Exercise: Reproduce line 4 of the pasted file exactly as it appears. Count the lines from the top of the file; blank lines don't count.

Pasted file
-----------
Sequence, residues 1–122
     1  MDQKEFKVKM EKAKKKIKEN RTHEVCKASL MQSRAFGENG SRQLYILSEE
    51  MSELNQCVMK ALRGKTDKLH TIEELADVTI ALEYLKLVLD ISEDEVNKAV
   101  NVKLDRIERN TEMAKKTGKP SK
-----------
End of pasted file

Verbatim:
   101  NVKLDRIERN TEMAKKTGKP SK